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Obituary: Photographer recorded Island hockey for 30 years

Gordon Lee, a sports photographer who recorded Vancouver Island minor and Junior B hockey for more than 30 years, has died. Lee, 65, was found dead in his apartment on Oct. 16. An autopsy determined that he had died from internal bleeding.
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Gordon Lee, a professional sports photographer who captured all the action on the field and rink for the last 30 years, especially minor and Junior B hockey. He was also the official photographer for the Peninsula Panthers. Submitted by Lee family

Gordon Lee, a sports photographer who recorded Vancouver Island minor and Junior B hockey for more than 30 years, has died.

Lee, 65, was found dead in his apartment on Oct. 16. An autopsy determined that he had died from internal bleeding.

Lee was one of two sons born to Yut Chor and Chung Mee Lee, who ran several grocery stores in Victoria for about 50 years, including Wall’s Food Market, at the corner of Fernwood and Bay Streets, from 1961 to 1989.

His brother, Wyman, who is 11 months his senior, said working 12 hours a day, seven days a week to help their parents instilled a work ethic that stayed with them their whole lives.

For Gordon, that translated into investing hours into turning out professional-grade photographs.

“My brother was a control freak with his work. He wouldn’t just take one or two shots of a player — he would take 20. He was just over the top,” said Lee. “He would then edit every shot, turning out NHL professional-level photographs — for minor or junior players. It was insane.”

Gordon Lee developed an interest in photography in high school and took formal training at the now-closed Western Academy of Photography.

Over the past 36 years, he did all types of photography, from weddings in his early days to dog shows and modern dance. But he will be best remembered by generations of sports fans and players for his sports photography, especially Junior B hockey on Vancouver Island.

“He was everywhere,” said Norm Kelly, owner of the Saanich Predators. “I would see him at every game, every tournament, no matter the weather. I would see him at Panorama [Recreation Centre]. I would see him at Archie Browning and — I am dating myself here — at all the Victoria Salsa games.

“I would sometimes buy him a coffee after watching him shivering after spending hours at a game. Then, right after the game, he would set up his table to sell his pictures. I wouldn’t be surprised if he had taken a picture of every kid that has ever played hockey at a local tournament. The kids really appreciated that.”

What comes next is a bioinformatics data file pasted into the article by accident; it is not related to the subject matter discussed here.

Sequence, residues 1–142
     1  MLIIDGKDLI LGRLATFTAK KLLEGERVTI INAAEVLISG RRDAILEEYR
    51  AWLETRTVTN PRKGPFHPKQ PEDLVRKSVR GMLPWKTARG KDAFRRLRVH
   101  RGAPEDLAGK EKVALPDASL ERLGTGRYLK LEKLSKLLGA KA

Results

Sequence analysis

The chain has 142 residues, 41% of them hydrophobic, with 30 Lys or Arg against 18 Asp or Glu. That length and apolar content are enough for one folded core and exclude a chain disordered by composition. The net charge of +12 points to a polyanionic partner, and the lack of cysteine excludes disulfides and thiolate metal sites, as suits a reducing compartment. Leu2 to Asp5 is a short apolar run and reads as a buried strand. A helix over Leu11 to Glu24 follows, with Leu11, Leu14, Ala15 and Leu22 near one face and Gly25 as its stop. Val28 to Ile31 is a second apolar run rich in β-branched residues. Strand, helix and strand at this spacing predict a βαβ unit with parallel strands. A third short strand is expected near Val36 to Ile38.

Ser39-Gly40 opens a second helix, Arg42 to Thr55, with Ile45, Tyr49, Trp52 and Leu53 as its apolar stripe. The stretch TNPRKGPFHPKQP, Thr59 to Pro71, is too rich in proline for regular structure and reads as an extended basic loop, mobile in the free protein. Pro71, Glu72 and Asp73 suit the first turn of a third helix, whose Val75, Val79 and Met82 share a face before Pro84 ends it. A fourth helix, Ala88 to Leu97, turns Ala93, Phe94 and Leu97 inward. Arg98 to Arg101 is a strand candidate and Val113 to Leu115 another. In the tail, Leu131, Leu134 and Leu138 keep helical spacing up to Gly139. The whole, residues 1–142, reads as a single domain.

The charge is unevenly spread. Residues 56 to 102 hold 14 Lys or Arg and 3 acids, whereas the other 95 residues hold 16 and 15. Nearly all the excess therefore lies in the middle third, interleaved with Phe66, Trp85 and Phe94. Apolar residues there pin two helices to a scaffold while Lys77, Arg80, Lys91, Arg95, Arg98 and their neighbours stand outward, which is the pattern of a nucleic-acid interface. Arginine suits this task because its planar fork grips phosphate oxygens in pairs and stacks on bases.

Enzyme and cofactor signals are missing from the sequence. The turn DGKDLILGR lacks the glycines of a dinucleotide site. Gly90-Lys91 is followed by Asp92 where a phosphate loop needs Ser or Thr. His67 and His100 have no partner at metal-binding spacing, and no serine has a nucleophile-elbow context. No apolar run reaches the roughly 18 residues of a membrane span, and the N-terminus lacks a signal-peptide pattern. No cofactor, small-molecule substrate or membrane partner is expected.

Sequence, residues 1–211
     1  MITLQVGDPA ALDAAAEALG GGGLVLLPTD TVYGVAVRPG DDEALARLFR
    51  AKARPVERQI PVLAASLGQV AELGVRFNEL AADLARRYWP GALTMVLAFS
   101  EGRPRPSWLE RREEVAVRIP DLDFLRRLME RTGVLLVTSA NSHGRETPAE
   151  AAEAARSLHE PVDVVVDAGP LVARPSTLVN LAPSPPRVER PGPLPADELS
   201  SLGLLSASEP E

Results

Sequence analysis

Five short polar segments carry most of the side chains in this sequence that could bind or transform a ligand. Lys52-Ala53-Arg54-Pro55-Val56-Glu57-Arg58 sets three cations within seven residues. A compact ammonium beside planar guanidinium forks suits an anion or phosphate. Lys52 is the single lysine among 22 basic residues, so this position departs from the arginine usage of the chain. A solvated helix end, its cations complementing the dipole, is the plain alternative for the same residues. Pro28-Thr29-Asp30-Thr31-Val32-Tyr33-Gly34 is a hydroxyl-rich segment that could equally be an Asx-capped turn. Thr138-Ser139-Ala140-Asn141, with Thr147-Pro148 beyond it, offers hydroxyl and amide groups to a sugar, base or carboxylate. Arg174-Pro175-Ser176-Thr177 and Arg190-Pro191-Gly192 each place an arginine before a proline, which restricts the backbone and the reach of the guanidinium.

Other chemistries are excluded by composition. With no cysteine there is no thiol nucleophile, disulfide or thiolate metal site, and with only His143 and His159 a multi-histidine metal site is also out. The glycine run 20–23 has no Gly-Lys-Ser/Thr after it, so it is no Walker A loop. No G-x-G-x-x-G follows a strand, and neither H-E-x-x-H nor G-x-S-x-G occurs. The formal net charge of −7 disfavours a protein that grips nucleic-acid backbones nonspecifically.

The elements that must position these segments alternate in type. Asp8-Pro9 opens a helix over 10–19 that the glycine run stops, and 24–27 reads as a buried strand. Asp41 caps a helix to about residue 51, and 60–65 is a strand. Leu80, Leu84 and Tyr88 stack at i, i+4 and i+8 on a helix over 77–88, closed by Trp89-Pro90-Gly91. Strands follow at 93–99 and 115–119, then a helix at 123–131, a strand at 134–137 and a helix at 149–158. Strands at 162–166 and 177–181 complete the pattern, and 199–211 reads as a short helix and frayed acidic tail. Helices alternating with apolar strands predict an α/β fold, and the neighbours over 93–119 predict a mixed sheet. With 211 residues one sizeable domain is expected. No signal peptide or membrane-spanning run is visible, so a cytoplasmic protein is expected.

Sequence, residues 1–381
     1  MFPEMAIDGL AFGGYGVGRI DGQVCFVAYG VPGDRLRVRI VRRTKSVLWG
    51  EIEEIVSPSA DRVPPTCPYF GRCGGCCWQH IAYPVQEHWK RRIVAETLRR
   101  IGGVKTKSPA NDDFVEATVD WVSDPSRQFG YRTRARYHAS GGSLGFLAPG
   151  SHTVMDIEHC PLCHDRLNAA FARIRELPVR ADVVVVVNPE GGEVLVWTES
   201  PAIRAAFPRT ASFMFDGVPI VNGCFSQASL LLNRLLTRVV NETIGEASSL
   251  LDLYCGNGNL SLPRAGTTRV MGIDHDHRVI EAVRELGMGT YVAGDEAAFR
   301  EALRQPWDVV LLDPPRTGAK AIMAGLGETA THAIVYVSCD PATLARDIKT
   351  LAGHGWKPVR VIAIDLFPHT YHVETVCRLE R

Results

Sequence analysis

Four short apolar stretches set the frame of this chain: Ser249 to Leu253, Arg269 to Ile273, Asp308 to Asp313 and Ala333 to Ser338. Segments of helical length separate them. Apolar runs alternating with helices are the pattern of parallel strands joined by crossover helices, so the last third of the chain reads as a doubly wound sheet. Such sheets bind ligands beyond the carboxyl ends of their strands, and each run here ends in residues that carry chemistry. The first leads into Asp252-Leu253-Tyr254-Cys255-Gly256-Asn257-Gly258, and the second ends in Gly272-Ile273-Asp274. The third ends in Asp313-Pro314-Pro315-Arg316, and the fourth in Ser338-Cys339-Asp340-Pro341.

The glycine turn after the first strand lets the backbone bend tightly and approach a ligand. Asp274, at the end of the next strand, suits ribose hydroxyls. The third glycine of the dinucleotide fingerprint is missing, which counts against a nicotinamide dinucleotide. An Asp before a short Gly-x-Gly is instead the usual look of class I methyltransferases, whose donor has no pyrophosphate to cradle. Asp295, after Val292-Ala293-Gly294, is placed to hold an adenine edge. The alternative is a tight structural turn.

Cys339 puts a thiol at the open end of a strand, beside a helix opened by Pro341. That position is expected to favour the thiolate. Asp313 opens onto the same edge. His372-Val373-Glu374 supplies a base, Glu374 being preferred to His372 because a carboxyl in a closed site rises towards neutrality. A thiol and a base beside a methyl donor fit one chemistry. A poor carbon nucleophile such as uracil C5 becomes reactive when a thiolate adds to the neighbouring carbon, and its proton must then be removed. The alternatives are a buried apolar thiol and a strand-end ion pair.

Kelly remembers Lee taking the time to clean the glass at the end zones before a game so he would get clearer pictures. “He also had a great memory — he remembered everybody,” said Kelly.

The photographer’s passion for the sport was noticed by the various local clubs, and he became the official team photographer for the Peninsula Panthers in 1999.

“I think he never married because he was married to his work,” said Pete Zubersky, general manager of the Peninsula Panthers Junior Hockey Club. “He was a real artist, someone who could capture the essence of the game in a single shot. Hockey and lacrosse are the toughest sports to shoot, with lighting that isn’t always good and fast-moving players. Despite all that, Gordon was always able to come up with some amazing shots over his 22 years with the club.”

Zubersky estimates Lee took hundred of thousands of shots in his 30-plus year career.

“About five or six years ago, I noticed that Gordon had bought a new camera. I asked him about that and he told me that it wasn’t because he needed to upgrade — he had simply worn out his old camera.”

Wyman Lee says going through his brother’s prolific photo collection is a daunting task.

“Every single photo is catalogued. But there are stacks of boxes in the studio — all lined up — that I have to go through. Some have envelopes which likely contain negatives, as well as compact discs and hard drives. He never married, but I know he died doing what he loved — right to the end.”

Gordon Lee is survived by his mother and brother, who both live in Victoria. Some of his extended family reside in Vancouver. Due to concerns around large public gatherings, the family is postponing any memorial service to a later time.

parrais@timescolonist.com

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